Injured Cavendish ruled out of Tour de France

Last updated 23:00 06/07/2014

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Mark Cavendish's Tour de France came to a brutal end after the British sprint specialist failed to recover from a horror crash at the end of the first stage and pulled out of the race on Sunday morning.

"It's devastating," Cavendish, who will have an MRI scan on a dislocated shoulder and torn (shoulder) ligaments, told reporters outside his Omega Pharma-Quick Step (OPQS) bus before the second stage, a 201-km ride to Sheffield.

Cavendish, aiming for a 26th Tour de France stage victory on Saturday, dislocated his right shoulder in the finale of the opening stage from Leeds to Harrogate, his mother's hometown.

The 29-year-old Cavendish had appeared too eager to succeed in the closing stages and, using his shoulders for extra leverage to prevent being squeezed for room, swayed towards Australian Simon Gerrans, bringing both of them down.

German Marcel Kittel narrowly avoided the carnage and sprinted clear of the pack to claim the overall leader's yellow jersey following his fifth stage win overall.

"Normally I bounce well but when I was on the floor I knew something was wrong. My shoulder was sticking out the way it shouldn't," Cavendish, who had won at least a stage in every Tour since 2008, said.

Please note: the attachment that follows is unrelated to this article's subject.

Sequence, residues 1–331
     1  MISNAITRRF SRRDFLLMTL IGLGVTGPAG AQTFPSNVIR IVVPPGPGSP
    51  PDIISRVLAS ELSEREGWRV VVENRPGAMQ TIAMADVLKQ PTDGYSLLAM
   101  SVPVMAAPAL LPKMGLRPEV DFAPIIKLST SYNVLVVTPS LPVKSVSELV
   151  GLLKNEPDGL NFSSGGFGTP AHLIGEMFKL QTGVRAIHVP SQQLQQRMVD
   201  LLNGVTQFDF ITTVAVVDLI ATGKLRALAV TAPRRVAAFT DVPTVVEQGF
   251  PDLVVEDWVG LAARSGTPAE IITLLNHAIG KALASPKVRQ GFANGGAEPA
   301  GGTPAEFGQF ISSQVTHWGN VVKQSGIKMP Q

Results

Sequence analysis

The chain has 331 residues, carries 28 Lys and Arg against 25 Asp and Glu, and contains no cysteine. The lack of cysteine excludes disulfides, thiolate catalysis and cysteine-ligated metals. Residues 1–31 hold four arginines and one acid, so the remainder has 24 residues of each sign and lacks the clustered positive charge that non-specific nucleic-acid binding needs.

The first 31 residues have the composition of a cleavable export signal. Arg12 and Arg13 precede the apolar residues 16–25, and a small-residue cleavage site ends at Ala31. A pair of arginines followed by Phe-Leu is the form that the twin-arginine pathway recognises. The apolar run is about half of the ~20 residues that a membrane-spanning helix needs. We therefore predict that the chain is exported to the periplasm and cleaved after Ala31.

"I had some optimism that it would just be swelling but this morning was worse. I'm gutted."

The former world champion apologised to Gerrans late on Saturday, saying he had "tried to find a gap that wasn't really there".

OPQS team manager Patrick Lefevere, however, suggested otherwise.

"Gerrans came a little bit quicker but we was next to Mark. He was at the end of his sprint and tried to go in slipstream and he used his elbow to break down Mark and Mark used his body against him and the rest is what we saw," the Belgian said.

Lefevere added that Italian sprinter Alessandro Petacchi suffered an allergic reaction to a bee sting on Saturday, saying that he would race although he was not feeling well.

OPQS's strategy is now likely to focus on Poland's Michal Kwiatkowski, who can reasonably target a top 10 finish in Paris as well as vying for honours in the young rider classification.

The opening three stages of this year's race are being held in England.

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- Reuters

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